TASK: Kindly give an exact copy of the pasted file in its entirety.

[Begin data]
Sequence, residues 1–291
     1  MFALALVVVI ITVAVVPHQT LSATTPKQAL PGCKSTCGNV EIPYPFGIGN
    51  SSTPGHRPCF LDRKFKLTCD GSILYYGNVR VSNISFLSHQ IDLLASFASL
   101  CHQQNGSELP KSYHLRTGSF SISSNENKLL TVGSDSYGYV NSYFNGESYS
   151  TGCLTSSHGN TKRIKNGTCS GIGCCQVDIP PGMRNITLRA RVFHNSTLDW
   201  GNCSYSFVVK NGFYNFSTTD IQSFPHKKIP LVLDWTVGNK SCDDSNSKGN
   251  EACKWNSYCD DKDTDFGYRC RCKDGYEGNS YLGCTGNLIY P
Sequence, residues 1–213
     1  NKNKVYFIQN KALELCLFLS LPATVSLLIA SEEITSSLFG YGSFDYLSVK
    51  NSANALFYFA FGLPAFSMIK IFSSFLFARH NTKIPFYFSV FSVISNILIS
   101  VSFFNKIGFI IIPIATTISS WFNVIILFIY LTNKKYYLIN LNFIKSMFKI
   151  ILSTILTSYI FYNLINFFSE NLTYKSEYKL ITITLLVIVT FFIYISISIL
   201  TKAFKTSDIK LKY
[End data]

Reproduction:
Sequence, residues 1–291
     1  MFALALVVVI ITVAVVPHQT LSATTPKQAL PGCKSTCGNV EIPYPFGIGN
    51  SSTPGHRPCF LDRKFKLTCD GSILYYGNVR VSNISFLSHQ IDLLASFASL
   101  CHQQNGSELP KSYHLRTGSF SISSNENKLL TVGSDSYGYV NSYFNGESYS
   151  TGCLTSSHGN TKRIKNGTCS GIGCCQVDIP PGMRNITLRA RVFHNSTLDW
   201  GNCSYSFVVK NGFYNFSTTD IQSFPHKKIP LVLDWTVGNK SCDDSNSKGN
   251  EACKWNSYCD DKDTDFGYRC RCKDGYEGNS YLGCTGNLIY P
Sequence, residues 1–213
     1  NKNKVYFIQN KALELCLFLS LPATVSLLIA SEEITSSLFG YGSFDYLSVK
    51  NSANALFYFA FGLPAFSMIK IFSSFLFARH NTKIPFYFSV FSVISNILIS
   101  VSFFNKIGFI IIPIATTISS WFNVIILFIY LTNKKYYLIN LNFIKSMFKI
   151  ILSTILTSYI FYNLINFFSE NLTYKSEYKL ITITLLVIVT FFIYISISIL
   201  TKAFKTSDIK LKY